Friday, November 6, 2015

Individualism Versus Collectivism by Frederick Millar 1906


Posted this October 6 to commemorate the October Revolution

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Among the various agitations of to-day there is none which has gained ground so quickly, and which is so dangerous in its outcome, as socialism; and of socialism that part which perhaps demands more minute attention than any other is the collectivist theory. The system by which all men shall, as it were, be relieved, to a great extent, of certain responsibilities which they now have, and shall be able to cast these upon a theoretical organisation of a social State, is not without its recommendations to a certain class of men, and it is not surprising that it has gained power and significance. To the "unemployed" this theory comes as a relief, which will be the means of easing them greatly, for their lot in life is hard, and they are ready to catch at any straw which appears to offer to them any support. The vision of a State providing a small amount of work for all, and assisting all to live in a similar way, is pleasing to many persons; and men are, consequently, readily captured as disciples of collectivism. The theory has its source in the so-called advancement and enlightenment of the nineteenth century. It is an anachronism in the eyes of a socialist that men should to-day be permitted to fight for themselves and to reap the harvest of their own labour without others, who have done nothing to earn it, sharing the reward of their endeavours. Collectivism, it is urged, will alter this; the capable man will only have the same opportunity of displaying his ability as the incapable and unindustrious man. Thus the fruits of active competition would soon be gone. Under collectivism we should defeat our own ends, for all invention and improvement in our industries would end, as there would be no encouragement for either. The apportionment of every industry, the solemn monotony of all labour, would wear away the spirit of the people, and they would become mere mechanical appliances, worked as though they were cog-wheels in the machinery of the State.

Again, collectivism would destroy that independence of spirit which is the greatest characteristic of the English race. Men would grow dependent on the State, their every action would be regulated by officials, and they would lose their golden heritage of freedom, which has so long been the boast of our countrymen.

It is necessary to inquire into the motives by which this agitation is actuated. In some cases the motives may be of the purest, and may originate in a sincere desire to help mankind. But in many cases the agitation degenerates into a selfish demand raised by malcontents, whose one desire is to secure for themselves an ease which they are too lazy to earn. These people look forward with delight to the millennium of equality, and to the pleasure and ease of uncompetitive labour.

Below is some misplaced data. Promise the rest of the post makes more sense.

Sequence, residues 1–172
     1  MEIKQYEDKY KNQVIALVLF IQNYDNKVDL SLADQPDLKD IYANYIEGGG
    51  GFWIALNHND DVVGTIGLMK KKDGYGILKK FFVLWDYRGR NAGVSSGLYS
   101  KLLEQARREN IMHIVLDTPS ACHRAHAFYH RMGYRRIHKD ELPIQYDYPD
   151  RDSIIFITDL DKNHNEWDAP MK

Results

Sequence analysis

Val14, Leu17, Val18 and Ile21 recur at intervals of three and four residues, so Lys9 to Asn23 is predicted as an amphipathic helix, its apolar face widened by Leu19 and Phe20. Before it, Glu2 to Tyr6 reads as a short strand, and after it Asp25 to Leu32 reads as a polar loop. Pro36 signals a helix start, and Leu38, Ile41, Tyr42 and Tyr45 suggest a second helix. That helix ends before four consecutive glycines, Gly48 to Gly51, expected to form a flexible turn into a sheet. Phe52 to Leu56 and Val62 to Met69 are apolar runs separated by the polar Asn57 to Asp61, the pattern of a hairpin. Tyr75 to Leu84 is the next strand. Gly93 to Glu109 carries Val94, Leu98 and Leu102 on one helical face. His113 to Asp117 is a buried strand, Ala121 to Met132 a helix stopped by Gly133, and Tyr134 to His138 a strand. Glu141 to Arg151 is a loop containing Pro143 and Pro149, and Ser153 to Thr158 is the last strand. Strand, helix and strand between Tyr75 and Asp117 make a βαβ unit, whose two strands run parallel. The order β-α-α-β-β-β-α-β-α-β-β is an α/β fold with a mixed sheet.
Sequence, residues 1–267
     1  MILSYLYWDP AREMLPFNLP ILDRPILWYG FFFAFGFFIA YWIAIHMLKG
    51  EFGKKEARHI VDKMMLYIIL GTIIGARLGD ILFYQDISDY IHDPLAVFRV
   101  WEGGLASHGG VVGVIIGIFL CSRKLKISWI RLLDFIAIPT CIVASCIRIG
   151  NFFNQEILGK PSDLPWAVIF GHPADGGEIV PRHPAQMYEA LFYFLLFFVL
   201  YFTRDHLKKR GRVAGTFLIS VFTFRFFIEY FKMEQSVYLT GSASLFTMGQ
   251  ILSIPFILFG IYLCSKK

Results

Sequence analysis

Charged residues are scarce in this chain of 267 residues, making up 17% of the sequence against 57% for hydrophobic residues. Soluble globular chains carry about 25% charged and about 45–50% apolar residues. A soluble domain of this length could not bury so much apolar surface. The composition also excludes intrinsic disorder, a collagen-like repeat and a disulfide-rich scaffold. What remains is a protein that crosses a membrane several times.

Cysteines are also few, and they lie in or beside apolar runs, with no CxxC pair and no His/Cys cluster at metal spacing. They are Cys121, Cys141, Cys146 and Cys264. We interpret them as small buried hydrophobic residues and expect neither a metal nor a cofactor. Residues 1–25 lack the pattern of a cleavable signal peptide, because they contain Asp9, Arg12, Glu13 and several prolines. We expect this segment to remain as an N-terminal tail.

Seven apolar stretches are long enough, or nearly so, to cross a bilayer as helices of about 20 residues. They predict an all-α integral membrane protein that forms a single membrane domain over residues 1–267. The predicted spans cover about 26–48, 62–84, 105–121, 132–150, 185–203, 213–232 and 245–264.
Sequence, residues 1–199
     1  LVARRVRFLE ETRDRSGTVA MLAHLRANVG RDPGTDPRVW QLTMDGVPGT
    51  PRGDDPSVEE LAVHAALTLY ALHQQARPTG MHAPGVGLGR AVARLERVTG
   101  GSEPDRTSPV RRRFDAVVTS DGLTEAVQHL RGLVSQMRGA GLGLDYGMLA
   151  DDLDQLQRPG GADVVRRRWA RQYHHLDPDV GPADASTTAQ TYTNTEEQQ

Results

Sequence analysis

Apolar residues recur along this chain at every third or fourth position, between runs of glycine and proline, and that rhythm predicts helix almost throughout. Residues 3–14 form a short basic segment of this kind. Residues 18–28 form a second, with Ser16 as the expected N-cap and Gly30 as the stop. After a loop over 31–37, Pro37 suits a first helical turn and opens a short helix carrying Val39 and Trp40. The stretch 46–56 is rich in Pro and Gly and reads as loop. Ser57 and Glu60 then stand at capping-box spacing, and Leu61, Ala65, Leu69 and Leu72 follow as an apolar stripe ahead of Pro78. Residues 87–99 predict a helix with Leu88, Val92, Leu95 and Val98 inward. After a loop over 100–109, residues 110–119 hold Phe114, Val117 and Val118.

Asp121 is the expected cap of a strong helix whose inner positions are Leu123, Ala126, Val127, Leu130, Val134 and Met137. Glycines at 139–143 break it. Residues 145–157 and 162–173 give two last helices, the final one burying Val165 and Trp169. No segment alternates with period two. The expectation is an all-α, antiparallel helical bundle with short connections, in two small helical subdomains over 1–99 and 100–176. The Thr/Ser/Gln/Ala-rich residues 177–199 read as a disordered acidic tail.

Will "collectivism" stand comparison with "individualism," the great principle to which it is opposed? A slight inquiry will speedily show how utterly false and groundless are the arguments which are urged against the continuance of "individual self-help." It may be contended that individualism breeds a spirit of narrowness and selfishness; that each man, in the struggle for existence, is so thoroughly governed by care for himself that he loses all regard for his fellow-men. But this cannot be asserted as a positive conclusion, for it is well known that only by experience can sympathy be aroused; and hence, when a man has struggled to gain a position, or to keep himself in a certain place, he is imbued with a great sympathy for those who are experiencing similar struggles. The master who has had to struggle through adverse circumstances will surely have greater sympathy with his pupil than the man who has experienced no difficulty whatever.

This influence of self-help in increasing the sympathy between men must surely counteract the selfish influence which it may be said to have, but which is to a great extent over-estimated. In its effects on character individualism is ennobling; it helps to make men bolder, and more fitted for the battle of life. The man who is beholden to the State for protection is in a very weakly position if menaced by any great danger; but he who has learned to help himself needs no protection other than the courage of heart which his energy has instilled into him. Man is fitted that he may support himself, and it is wrong to attempt to rob him of his natural functions.

The dependence on institutions which collectivism causes is the greatest danger of the age. It was no ideal lament of the late Lord Beaconsfield when he said: "We look too much to institutions, and too little to men." We are ever doing so, and never was there a time when we were more inclined to do so.

If there is to be any united help, it can be expended in no better way than in providing each with equal opportunities of attaining success, as far as practicable; and then, leaving them to fight among themselves for headship, will the best men in our country become the pillars of our State. Let men strive to help themselves, and never allow themselves to degenerate into mere puppets, helpless and purposeless, suited only to be tossed about at random on the sea of life.

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